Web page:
Six Holstein (light-muscled type) and six Belgian Blue bulls (double-muscled type) were fed a finishing diet. Average daily gain was 1.36 kg for the Holstein bulls vs 1.24 kg for the Belgian Blue bulls (P less than .05). Holstein bulls consumed more feed (2.3 vs 1.8 kg/100 kg body weight, P less than .001) than the Belgian Blue bulls. The dressing percentage (55.4 vs 65.8%, P less than .001) and the proportion of muscle (56.1 vs 71.3%, P less than .001) in the carcass were less, whereas the proportions of adipose tissue (28.3 vs 15.4%, P less than .001) and bone (15.7 vs 13.4%, P less than .05) were higher in the Holstein bulls. Plasma creatinine determined in samples obtained once a week was lower (11.0 vs 20.3 mg/liter, P less than .001) in the Holstein bulls. In contrast, Holstein bulls tended to produce more triiodothyronine (2.3 vs 1.8 nM, P less than .10), tetraiodothyronine (71.9 vs 54.7 nM, P less than .10) and insulin-like growth factor I (IGF-I; 340 vs 205 ng/ml, P less than .20) than the Belgian Blue bulls. Growth hormone, insulin, IGF-I and testosterone were measured at 20-min intervals during two 24-h periods. In wk 6, Holstein bulls tended to produce more growth hormone than the Belgian Blues, as indicated by higher total peak area (3,185 vs 2,431 ng), peak amplitude (34.1 vs 22.6 ng/ml, P less than .10) and baseline (4.6 vs 3.3 ng/ml, P less than .20). In wk 27, the trends were opposite.(ABSTRACT TRUNCATED AT 250 WORDS) [less ▲]

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See detailThe animal phylogeny and the fundamental importance of taxon sampling
Philippe, Hervé; Brinkmann, Henner; Baurain, Denis ULg

Scientific conference (2006, February 20)

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Peer Reviewed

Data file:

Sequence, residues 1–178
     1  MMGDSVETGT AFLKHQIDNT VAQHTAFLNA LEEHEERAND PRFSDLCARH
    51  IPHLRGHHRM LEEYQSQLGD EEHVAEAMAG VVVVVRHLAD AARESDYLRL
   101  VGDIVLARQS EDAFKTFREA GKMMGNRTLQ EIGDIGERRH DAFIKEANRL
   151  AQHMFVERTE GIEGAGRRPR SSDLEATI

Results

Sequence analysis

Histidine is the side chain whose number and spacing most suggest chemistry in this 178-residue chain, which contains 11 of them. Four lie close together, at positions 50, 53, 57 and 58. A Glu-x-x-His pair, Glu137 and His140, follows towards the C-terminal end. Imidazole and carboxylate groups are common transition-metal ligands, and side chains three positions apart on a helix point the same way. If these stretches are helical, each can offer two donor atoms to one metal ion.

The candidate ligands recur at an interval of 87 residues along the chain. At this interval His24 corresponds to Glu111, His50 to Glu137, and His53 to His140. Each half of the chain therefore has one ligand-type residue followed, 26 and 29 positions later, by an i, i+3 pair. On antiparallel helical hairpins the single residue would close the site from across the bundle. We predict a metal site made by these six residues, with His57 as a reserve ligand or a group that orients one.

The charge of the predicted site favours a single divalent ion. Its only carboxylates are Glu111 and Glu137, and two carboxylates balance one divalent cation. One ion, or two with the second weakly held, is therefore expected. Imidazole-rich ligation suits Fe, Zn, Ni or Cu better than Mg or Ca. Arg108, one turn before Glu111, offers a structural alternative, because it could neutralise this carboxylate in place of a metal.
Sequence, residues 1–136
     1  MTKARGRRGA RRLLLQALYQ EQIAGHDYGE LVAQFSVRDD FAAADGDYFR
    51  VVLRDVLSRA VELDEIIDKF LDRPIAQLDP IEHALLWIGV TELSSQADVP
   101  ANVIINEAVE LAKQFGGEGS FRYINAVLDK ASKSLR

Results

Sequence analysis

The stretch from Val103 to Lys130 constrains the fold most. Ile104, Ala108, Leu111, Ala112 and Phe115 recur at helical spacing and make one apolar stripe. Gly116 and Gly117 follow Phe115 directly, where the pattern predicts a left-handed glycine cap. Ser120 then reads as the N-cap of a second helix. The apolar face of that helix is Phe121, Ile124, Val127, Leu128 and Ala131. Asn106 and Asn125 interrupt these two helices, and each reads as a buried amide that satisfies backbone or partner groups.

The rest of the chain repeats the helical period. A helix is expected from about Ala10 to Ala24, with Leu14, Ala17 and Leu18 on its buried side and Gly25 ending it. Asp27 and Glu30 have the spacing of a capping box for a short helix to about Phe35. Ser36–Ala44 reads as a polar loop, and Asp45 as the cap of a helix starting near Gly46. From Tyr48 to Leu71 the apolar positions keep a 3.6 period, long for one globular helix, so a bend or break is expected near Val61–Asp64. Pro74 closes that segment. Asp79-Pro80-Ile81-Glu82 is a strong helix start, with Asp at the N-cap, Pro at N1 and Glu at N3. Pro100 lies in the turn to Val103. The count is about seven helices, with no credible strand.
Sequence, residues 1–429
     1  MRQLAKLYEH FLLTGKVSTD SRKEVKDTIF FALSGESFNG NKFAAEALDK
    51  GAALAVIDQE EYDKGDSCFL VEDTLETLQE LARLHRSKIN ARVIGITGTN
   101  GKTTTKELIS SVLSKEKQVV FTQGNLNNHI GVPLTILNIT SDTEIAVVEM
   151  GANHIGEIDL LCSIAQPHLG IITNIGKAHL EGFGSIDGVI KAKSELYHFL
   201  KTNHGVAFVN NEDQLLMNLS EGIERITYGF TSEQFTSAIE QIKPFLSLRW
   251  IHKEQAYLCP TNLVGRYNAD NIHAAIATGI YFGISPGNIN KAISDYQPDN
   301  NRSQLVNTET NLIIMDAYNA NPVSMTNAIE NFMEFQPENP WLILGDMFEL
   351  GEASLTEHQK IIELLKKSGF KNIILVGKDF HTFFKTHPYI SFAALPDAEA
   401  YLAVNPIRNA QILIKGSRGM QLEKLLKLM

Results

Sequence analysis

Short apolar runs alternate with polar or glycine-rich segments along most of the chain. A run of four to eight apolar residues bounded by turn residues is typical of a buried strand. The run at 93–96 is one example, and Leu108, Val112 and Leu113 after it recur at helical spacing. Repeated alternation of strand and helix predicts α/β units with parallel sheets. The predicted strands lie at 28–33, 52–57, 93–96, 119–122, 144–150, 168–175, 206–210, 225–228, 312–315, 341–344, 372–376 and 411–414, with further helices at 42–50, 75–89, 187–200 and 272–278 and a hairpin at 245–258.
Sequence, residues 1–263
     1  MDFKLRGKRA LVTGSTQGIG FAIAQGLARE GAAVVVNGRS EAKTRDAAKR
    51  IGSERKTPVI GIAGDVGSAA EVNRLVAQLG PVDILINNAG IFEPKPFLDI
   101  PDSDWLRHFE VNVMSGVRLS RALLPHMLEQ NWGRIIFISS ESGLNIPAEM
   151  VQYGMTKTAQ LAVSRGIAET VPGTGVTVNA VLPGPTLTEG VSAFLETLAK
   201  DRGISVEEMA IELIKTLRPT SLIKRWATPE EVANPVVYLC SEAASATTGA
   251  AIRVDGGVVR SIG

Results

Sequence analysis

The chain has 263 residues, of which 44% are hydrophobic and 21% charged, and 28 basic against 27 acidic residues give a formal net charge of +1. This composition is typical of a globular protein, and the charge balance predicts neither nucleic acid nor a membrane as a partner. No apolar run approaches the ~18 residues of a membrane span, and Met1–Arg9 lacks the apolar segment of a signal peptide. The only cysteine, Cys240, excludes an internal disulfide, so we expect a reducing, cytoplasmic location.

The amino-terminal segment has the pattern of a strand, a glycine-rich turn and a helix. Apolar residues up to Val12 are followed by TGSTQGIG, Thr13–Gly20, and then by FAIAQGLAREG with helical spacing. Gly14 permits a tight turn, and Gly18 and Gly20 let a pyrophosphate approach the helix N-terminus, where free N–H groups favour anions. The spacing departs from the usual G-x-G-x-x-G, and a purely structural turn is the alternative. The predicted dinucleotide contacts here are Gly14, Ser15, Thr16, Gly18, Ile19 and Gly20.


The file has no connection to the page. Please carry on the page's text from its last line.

See detailAnimal production and selection in Maghreb
Kafidi, N.; Meniai, Kh.; Leroy, Pascal ULg

(1992)

Detailed reference viewed: 8 (1 ULg)
Peer Reviewed
See detailL'animal toxicomane: les modèles de comportement animal dans l'étude de la tolérance et de la toxicomanie
Tirelli, Ezio ULg

in Nouvelles de la Science et des Technologies (1987), 5

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See detailAnimal welfare: The contribution of ethology
Vandenheede, Marc ULg

in Annales de Médecine Vétérinaire (2003), 147(1, FEB-MAR), 17-22

During the last fifty years, intensive husbandry has profoundly modified the animal living conditions, especially in pigs and poultry. At the same time, concerns about animal welfare were growing on ... [more ▼]

During the last fifty years, intensive husbandry has profoundly modified the animal living conditions, especially in pigs and poultry. At the same time, concerns about animal welfare were growing on. "Welfare " (" le bien-etre " in french) can be defined as a state of dynamic balance (homeostasy) between the animal and its environment (internal and external). The attempts of the animal to maintain or to adjust this balance may induce physical and mental sufferings, eventually harmful even on a health than on a performance point of view. Welfare of farm animals is assessed using 4 complementary and closely linked types of measures, i.e. performance, health, physiology and ethology. Ethological measurements involve a lot of advantages and are more and more utilised: study of adaptation abilities, behavioural disorders or animal motivation and preference. Ethology is thus considered as a very useful tool that can not be neglected, as shown by the important scientific work, notably in pigs and poultry. Research results have to constitute an essential prerequisite to the ethical reflection process regarding animal welfare, allowing to induce concrete and relevant political acts. [less ▲]

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See detailL'animalerie Souris SPF du GIGA
Ectors, Fabien ULg; Bay, Daniel ULg

Diverse speeche and writing (2007)

Detailed reference viewed: 69 (12 ULg)
See detailAnimateur de l'atelier Intégration sociale et citoyenneté
Martiniello, Marco ULg

Scientific conference (1997, December 05)

Detailed reference viewed: 14 (0 ULg)